Regular readers of this screed will know I have no love for Sarah Palin. The mere sight of her makes me angry. The sound of her voice sends me into paroxysms of rage. No surprise then my deep pleasure at her resignation this weekend. The question, however, remains: what are we to make of Ms. Palin's short tenure as the "great white hope" of American conservatism? In many ways, the former Governor of Alaska is the apex of the dominant trends in contemporary right-wing politics. It's all there: The paranoid media victim complex; the triumph of "values" over policy or leadership; the axiomatic rejection of anything approaching the intellectual; and the disturbing desire of large segments of the voting public to elect "someone just like me", with little thought for actual ability. These trends have been around for a long time. But never have they been so starkly apparent as in Palin's populist hucksterism. As John McCain learned far too late, she has an infinite capacity to distract, but almost no substance on which to build a meaningful political career.
No one seems to know why Palin resigned. Some claim it was the mounting pressure of endless (and justified) ethics complaints. Others cite a potential 2012 White House bid, or the ugly economic fact that the erstwhile governor could make much more money writing vapid books and giving speeches than she ever could in public office. It has even been suggested that Palin just doesn't really like governing. All of these factors have likely played a role. But the overriding reason has more to do with what Palin is rather than what she has done or plans to do.
Palin's primary - indeed, only - appeal lies in the populism at the heart of her image. She plays to the insecurities, the ignorance, and the excitable emotion of her supporters. To the fundamentally dumb, Palin represents novelty without challenging their stupidity. For Palin, actually being in public office actually weakens her ability to leverage this popular appeal into a career. When her wagon is hitched to a specific job, like the Governor of Alaska, intelligent observers can counter her popularity with frequent and glaring examples of both her ineffectiveness as a leader and the utter lack of substance beneath the dynamic exterior. To maximize her populist gifts, Palin has to stay out of any position of substantive responsibility.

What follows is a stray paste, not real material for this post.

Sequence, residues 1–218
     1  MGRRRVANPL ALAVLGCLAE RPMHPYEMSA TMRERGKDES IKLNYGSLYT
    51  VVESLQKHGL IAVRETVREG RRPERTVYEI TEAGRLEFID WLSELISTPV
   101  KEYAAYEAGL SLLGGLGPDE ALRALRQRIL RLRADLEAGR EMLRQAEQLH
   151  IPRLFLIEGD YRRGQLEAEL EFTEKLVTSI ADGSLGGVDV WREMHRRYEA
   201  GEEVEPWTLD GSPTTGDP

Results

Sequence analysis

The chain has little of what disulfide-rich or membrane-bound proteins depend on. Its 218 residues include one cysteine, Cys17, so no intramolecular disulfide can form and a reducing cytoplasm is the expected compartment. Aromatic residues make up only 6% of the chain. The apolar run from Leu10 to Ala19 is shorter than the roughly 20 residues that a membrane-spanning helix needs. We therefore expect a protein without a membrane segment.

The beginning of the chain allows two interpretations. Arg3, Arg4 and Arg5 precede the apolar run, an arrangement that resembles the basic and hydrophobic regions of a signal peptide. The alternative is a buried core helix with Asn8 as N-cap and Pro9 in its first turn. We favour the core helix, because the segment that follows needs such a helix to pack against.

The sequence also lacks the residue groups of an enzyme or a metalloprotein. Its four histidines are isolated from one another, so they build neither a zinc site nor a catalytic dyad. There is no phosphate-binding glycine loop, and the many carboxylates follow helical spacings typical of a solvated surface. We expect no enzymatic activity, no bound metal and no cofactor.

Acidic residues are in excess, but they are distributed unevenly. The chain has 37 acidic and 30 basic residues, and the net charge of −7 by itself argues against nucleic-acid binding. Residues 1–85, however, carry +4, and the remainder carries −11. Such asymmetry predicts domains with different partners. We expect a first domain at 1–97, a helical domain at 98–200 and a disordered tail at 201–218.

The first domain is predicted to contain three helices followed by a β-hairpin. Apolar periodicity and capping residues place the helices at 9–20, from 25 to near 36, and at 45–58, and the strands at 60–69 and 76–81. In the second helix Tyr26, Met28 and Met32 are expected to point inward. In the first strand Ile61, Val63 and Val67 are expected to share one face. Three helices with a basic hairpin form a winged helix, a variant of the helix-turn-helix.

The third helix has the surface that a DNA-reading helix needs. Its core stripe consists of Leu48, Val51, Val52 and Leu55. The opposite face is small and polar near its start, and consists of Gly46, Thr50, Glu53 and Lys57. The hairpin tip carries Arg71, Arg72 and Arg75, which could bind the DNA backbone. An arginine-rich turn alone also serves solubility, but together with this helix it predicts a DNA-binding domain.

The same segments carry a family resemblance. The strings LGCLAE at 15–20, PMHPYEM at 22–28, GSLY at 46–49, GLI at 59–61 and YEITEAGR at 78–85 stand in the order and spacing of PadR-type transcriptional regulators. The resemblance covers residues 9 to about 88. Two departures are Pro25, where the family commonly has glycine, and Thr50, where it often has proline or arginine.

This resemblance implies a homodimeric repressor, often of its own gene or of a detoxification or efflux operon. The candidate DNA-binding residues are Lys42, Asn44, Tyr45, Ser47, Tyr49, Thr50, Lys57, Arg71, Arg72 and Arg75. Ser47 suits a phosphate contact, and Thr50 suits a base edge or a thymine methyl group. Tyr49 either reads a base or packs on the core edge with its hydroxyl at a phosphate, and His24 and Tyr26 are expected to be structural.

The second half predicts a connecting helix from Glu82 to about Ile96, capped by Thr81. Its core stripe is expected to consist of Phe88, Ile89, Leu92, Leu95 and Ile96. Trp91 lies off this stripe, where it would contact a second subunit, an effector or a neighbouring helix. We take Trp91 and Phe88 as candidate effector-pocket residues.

There's an obvious irony here. Palin's electability evaporates the second she is elected. But, if she intends to bamboozle the citizenry into voting her into high office, she needs to be free from the shackles of actual political work. If she is only subconciously aware of this fact, then I fully expect her to run for President in 2012. But if she has some measure of self-understanding, she may avoid future campaigns altogether, instead opting to be a kind of freelance culture warrior bankrolled by her ability to dazzle the simpleminded.
Of course, even the simplest of souls can recognize a con under the right circumstances. Palin's resignation may prove to be a fatal miscalculation. While it was calculated to free her from the constraints of actual work, it may have also served to highlight her inadequacies. In a poll conducted last week, 53 per cent of Americans had a negative view of Palin, and only 40 per cent view her favourably. Contrast that to her poll numbers a year ago, when six in 10 Americans held a positive view. The sharp focus on her record caused by her resignation may be the charm that finally breaks the spell.
Sarah Palin, and the type of politician she represents, is bad politics. Bad for democracy, bad for debate, and bad for a nation that needs strong leadership in the face of unprecedented challenges. It's a cliche, but its application seems appropriate here: the empress has no clothes.
Exempting the thousands of dollars of togs bought for her by the Republican Party, of course.